For years, people have been asking when NCAA justice would be delivered unto North Carolina for its 18 years of academic misconduct that benefited more than 1,000 athletes.

    Those questions intensified as the Tar Heels men's basketball program – whose players were proportionally one of the most enthusiastic participants in the African and Afro-American Studies bogus classes scandal – advanced to this year's NCAA tournament championship game. The sense among many fan bases was that the Tar Heels were getting away scot-free, and those fan bases wanted to know when the hammer would fall.

    The long NCAA investigation has made recruiting more difficult for Roy Williams and North Carolina. (AP)The long NCAA investigation has made recruiting more difficult for Roy Williams and North Carolina. (AP)Today, we are closer to an answer.

    And that answer looks even more like never.

    The school received an amended NCAA Notice of Allegations Monday, nearly 11 months after the initial notice arrived. There still are five Level I allegations – the most serious violations in the NCAA penalty structure – but some things have changed.

    The charge of "impermissible benefits" to athletes who were enrolled in the

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  • Breaking down the cost of everything in Ludacris' rider for Georgia's spring game

    When Ludacris' ludicrous shopping list for his appearance at Georgia's G-Day spring football game became public Tuesday, the questions came quickly:

    Seriously?

    How much did all this cost?

    And how hard was it to find?

    There was only one thing for a reporter to do: get to the grocery store with Luda's list and price it out. So that's what I did Wednesday morning, putting myself in the role of Georgia's shopper for the rap star who would perform prior to Kirby Smart's first public show as football coach of the Bulldogs.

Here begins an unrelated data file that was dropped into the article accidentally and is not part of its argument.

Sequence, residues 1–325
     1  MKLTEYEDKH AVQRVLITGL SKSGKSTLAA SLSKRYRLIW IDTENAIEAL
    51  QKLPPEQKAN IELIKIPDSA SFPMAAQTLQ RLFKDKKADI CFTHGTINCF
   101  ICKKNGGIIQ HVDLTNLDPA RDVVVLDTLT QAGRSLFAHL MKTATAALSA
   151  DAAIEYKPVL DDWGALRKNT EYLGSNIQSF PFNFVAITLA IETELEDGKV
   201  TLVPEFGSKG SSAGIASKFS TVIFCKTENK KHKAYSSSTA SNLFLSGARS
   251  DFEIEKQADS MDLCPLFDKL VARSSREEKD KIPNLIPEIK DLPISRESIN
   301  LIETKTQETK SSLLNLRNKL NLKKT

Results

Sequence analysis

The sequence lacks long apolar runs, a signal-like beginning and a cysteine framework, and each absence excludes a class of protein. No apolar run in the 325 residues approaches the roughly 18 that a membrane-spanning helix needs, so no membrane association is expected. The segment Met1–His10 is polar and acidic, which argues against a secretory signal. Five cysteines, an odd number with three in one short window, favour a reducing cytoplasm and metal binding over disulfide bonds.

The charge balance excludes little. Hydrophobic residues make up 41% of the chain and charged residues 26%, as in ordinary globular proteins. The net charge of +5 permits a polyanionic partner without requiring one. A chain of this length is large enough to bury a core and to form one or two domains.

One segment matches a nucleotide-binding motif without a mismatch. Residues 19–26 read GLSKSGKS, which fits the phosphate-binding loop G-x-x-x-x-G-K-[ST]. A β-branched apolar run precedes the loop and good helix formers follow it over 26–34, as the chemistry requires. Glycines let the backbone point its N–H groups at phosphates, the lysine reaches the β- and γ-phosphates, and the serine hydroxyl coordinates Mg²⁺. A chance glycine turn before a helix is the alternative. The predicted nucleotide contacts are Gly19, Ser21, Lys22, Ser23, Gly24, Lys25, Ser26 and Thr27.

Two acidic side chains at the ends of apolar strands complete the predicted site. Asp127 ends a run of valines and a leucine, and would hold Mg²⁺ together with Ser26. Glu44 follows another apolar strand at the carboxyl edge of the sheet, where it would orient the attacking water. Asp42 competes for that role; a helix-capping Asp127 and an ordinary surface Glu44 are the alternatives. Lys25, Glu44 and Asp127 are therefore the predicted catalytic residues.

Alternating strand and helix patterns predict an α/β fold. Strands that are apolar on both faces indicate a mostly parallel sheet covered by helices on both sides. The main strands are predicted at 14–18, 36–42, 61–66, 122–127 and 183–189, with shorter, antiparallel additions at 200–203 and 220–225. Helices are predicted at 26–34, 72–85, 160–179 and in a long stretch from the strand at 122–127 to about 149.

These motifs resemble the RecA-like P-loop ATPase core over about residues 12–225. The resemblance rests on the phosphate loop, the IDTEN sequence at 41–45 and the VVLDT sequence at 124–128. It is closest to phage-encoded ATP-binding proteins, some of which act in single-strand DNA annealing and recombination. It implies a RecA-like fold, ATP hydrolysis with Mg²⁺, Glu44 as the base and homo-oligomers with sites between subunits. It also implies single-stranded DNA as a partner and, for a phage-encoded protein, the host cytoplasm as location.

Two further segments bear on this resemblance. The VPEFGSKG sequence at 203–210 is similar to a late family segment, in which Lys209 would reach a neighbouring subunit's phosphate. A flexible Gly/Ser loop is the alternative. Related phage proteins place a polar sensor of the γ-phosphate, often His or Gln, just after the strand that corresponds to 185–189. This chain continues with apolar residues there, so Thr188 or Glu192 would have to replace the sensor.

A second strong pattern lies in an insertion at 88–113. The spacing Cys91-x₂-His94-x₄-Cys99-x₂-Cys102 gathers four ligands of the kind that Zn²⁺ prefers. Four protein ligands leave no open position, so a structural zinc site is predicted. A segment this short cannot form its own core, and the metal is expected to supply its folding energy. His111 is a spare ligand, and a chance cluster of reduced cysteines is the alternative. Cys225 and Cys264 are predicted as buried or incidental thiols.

Ludacris preforms at Georgia's spring game. (AP)Ludacris preforms at Georgia's spring game. (AP)About 80 minutes of retail scavenger hunting later, my empathy for the unknown Georgia athletic department staffer assigned to this chore was immense. Ludacris was booked in a hurry (just a few days before the game), and so the shopping had to be done in a hurry. This required SEC speed.

    If the entire, 42-item hospitality rider dictated contractually by Ebony Son Management was completed, whoever did it deserves a raise. Imagine you are the grad assistant or other

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  • Michael Phelps sizes up international competition ahead of Olympics

    MESA, Ariz. – There is no greater student of the sport of swimming than the greatest of all swimmers, Michael Phelps.

    So rest assured, he’s been watching the world as several of the top swimming nations recently staged their Olympic qualifying meets. It’s time to start figuring out where Phelps and the other Americans stand as they head toward the Olympic trials in Omaha in June.